Growing Up

5 Tips for Making Baby Signs Work for YOU!

This entry is part 13 of 33 in the series Baby Days

Communication with babies can often be difficult.  They can’t tell you with specificity what is bothering them.  So as parents, we come up with a working knowledge of each cry and scream, decoding the various tones and volumes and hypothesizing about what their needs are.  The earlier we can communicate with them and have them communicate back, the better.  That is why I am so thankful for baby sign language.

I am not an expert with sign language.  But I have used it successfully with our FOUR babies at early stages.   I wrote Simple Effective Baby Sign Language where I shared the most basic and most necessary baby signs.  If you are just starting out with baby sign language, I would start there with the most basic baby signs.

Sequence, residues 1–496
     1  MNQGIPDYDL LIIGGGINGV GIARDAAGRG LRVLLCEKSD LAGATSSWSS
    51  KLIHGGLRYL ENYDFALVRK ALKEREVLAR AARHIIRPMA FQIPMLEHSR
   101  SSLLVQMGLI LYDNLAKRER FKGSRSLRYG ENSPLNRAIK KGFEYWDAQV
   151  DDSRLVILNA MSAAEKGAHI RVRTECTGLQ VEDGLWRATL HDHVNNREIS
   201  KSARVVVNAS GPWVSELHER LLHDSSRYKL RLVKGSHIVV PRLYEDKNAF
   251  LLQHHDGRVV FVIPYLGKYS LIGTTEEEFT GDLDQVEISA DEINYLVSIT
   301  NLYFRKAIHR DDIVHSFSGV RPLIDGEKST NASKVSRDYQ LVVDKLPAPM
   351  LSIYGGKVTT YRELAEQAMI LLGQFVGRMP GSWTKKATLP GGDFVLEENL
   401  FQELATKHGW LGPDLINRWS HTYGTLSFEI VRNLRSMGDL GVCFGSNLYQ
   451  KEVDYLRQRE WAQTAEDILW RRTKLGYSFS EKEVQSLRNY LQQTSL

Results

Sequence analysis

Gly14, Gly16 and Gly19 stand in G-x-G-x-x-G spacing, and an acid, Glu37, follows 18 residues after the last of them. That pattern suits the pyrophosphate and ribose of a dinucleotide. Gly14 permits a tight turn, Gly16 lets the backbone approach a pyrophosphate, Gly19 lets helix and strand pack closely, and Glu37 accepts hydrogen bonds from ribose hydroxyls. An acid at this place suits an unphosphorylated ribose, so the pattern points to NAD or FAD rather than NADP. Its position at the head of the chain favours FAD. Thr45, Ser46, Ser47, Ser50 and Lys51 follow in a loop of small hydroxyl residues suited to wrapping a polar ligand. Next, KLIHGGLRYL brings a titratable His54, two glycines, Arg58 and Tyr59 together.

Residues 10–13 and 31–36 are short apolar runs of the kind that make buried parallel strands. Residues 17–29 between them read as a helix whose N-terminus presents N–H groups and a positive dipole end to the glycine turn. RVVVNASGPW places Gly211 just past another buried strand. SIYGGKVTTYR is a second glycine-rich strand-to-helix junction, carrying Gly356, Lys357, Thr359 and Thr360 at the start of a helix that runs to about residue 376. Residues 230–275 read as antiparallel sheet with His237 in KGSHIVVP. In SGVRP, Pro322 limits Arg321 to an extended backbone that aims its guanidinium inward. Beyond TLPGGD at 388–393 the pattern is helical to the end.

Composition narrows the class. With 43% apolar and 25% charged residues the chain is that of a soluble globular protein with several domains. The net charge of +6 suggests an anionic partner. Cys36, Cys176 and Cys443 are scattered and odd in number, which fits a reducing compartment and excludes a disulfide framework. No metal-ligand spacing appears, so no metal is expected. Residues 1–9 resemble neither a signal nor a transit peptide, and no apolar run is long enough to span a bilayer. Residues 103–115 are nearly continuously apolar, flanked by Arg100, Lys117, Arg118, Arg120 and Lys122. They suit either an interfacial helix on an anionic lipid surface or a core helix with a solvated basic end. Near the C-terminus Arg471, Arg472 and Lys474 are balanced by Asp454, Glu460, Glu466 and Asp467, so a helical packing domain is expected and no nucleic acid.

But I wanted to go a step further to help moms (and dads) by giving you Five Tips for Making Baby Signs Work for YOU!  Continue Reading

Growing Up

A Toddler Tantrum Solution

Recently, we went to bed the parents of two girls under 2 and woke up the parents of a sweet 8 month old and a toddler with a bit of an attitude problem – ha!  No really, our oldest is not crazy on the terrible twos, but we did notice an attitude adjustment was in order.

We suddenly heard, “No!” and, “I don’t like it!” a lot more than we had just a few days earlier.  And we had some interesting conversations when we heard these things.

But it was a few days into this new, “I don’t like it!” phase that my husband brought my formerly amenable and agreeable toddler in to wake me up after an afternoon nap with a tantrum…on my bed!  Yes…on MY bed.  As I sleepily tried to come up with a way to stop the madness, an idea struck me and I lunged at it.  And it worked!  And it has continued to work – even though we kind of are getting past the, “I don’t like it!” (to everything) stage.

“What is it?”

I remembered what my child does like and tried to remind her of them with a game she likes.

We played hide and seek with her “likes.”